In fact, a new, comprehensive study by the fine folk over at GameBench — a company dedicated to benchmarking real-world mobile app and game performance instead of arbitrary synthetic loads — delivers some much needed data corroborating this. I also had the opportunity to talk with the team at the company to get some clarity on the methodology and their insight.

What is to follow is a bit on the technical side — though only a bit — and so here's the obligatory 'executive summary'. GameBench works by counting the frame rate an Android or iOS device is capable of delivering within apps and games. I won't get into too many details regarding frame rates and why it's the preferred (and objective) method of benchmarking for performance, but you can think of it this way: The more frames per second your device is capable of producing, the smoother events such as transitions, enemy fire, pane switching, etc. will appear. GameBench also tracks frame rate stability, which is expressed in percents, and denotes the time spent at median FPS (the most common frame rate), and the lowest observed frame rate. These are not unimportant since a low frame rate stability detracts from the user experience, as your eye will be drawn to the event when the picture goes from smooth to choppy and back again.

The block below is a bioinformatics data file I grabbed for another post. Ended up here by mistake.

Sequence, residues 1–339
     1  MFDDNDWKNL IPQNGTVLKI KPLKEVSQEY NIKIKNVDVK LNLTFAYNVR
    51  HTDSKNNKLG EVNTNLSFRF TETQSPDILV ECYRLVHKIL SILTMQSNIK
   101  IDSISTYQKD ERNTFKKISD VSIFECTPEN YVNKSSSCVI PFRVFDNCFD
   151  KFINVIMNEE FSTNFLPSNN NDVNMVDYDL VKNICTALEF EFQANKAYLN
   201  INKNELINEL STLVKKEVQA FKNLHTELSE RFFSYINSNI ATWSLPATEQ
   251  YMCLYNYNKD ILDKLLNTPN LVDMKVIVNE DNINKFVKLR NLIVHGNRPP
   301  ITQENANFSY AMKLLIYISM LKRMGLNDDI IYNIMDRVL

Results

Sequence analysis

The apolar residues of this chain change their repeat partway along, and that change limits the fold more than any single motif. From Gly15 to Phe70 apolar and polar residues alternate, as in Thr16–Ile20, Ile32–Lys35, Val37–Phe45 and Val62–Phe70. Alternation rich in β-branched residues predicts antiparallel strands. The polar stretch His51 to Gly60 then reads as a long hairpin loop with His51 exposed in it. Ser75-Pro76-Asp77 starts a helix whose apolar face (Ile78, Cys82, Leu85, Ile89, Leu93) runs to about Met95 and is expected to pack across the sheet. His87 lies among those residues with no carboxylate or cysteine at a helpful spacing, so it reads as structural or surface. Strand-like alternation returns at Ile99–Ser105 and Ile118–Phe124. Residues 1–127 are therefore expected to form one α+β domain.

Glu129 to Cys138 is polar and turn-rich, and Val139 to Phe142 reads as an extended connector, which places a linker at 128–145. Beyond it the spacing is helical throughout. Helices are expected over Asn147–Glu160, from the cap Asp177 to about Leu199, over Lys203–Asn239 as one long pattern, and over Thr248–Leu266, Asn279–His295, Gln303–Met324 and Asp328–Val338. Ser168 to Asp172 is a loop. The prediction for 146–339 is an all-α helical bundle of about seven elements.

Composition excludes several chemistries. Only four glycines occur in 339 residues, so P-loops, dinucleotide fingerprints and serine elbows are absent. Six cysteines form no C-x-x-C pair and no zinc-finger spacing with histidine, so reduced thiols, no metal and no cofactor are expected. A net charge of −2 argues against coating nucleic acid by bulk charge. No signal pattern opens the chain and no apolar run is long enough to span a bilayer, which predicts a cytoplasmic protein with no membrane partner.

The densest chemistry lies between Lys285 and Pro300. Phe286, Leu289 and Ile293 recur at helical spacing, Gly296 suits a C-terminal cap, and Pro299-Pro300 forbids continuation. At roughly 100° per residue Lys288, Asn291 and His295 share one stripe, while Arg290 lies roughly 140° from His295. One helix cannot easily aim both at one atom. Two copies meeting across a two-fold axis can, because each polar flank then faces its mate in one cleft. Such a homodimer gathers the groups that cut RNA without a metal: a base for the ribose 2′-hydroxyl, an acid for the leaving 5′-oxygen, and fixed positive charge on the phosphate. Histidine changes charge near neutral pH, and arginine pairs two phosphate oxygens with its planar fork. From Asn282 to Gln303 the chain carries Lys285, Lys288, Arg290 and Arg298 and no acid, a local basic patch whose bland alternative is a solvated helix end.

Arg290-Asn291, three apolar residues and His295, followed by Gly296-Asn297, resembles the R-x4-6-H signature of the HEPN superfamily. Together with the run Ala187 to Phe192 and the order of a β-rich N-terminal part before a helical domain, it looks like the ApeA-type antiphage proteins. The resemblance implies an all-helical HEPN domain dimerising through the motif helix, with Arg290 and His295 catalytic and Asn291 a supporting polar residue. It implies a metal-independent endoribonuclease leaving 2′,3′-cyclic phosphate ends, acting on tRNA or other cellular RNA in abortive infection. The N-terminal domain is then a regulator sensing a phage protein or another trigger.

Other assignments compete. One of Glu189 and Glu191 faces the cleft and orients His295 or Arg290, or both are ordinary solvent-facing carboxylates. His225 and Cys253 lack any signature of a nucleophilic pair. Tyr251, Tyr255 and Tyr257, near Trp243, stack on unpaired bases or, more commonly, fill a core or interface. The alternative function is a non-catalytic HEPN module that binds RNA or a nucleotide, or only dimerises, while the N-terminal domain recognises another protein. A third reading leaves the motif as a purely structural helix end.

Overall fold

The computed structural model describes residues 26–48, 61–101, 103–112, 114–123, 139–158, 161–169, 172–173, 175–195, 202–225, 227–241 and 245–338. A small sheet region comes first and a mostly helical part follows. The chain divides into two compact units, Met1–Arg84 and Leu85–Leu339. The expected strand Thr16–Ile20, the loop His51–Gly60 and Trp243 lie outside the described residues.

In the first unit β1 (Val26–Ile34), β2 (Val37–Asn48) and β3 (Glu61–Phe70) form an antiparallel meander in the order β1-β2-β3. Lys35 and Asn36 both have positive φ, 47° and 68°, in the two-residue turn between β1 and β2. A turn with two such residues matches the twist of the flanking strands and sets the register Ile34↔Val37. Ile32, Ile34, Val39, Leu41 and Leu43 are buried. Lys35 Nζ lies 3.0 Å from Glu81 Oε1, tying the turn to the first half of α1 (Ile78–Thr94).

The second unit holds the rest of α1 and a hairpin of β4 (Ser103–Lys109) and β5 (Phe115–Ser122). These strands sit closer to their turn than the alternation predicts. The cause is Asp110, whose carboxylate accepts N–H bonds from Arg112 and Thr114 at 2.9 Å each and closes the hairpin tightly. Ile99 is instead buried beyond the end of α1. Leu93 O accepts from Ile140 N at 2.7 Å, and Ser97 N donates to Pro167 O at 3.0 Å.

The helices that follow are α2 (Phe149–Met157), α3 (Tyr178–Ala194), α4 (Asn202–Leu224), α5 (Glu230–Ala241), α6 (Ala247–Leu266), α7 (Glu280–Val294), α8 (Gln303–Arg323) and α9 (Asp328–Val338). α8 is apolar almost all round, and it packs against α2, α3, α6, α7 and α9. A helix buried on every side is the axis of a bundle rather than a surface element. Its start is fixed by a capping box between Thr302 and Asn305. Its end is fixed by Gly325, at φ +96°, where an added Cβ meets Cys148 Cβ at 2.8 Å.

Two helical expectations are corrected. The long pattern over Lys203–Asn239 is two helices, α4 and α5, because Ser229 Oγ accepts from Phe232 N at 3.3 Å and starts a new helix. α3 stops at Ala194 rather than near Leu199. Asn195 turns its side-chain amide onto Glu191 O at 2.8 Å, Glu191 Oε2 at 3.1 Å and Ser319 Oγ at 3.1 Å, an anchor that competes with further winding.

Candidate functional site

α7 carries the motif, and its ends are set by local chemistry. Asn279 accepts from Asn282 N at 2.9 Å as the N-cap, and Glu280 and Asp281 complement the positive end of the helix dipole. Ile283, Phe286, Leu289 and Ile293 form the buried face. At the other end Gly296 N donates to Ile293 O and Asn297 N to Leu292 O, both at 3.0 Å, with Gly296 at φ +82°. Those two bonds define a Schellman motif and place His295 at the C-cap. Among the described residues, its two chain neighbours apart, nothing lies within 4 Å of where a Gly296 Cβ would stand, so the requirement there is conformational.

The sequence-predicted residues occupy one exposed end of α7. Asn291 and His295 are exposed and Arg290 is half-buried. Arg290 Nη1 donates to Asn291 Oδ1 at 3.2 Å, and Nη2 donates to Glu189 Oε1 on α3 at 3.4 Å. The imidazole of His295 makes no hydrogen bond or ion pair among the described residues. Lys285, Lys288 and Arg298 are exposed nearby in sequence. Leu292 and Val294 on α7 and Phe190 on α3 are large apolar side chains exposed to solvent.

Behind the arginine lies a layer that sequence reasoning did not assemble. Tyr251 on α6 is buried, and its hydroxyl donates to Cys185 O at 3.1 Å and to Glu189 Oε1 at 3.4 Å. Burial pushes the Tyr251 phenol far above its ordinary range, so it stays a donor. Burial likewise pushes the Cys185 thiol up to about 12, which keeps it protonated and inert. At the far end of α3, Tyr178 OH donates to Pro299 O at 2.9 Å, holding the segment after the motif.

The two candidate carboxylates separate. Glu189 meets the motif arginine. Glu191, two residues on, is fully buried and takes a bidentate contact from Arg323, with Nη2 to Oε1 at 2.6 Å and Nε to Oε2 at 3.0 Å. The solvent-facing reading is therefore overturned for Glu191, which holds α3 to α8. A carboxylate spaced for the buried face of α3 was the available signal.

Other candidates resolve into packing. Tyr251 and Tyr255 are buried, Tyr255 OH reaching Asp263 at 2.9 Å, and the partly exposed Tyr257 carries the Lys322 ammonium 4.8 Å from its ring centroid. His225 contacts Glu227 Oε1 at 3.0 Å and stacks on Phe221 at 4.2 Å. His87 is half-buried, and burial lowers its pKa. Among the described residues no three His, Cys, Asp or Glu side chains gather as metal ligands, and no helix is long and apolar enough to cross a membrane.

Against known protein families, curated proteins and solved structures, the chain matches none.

Since the idea of the study is to benchmark performance across the two leading operating systems, the methodology behind the report includes a basket of 10 popular game titles, all based on the cross-platform Unity game engine. Each of the games was played for a period of 15 minutes, with the same graphical settings where configurable, and on the same levels wherever possible, all the while frame rates were logged. Unlike similar previous tests, the games tested here all ran at, or at close to, their native display resolution, so 750p for the iPhone 5s, 6, and 6s, ~1080p for the iPhone 6s Plus, HTC One M9, Huawei Mate 7, and Xiaomi Mi Note, and 1440p for the Samsung Galaxy S6, LG G4, and Meizu MX4 Pro.

Key findings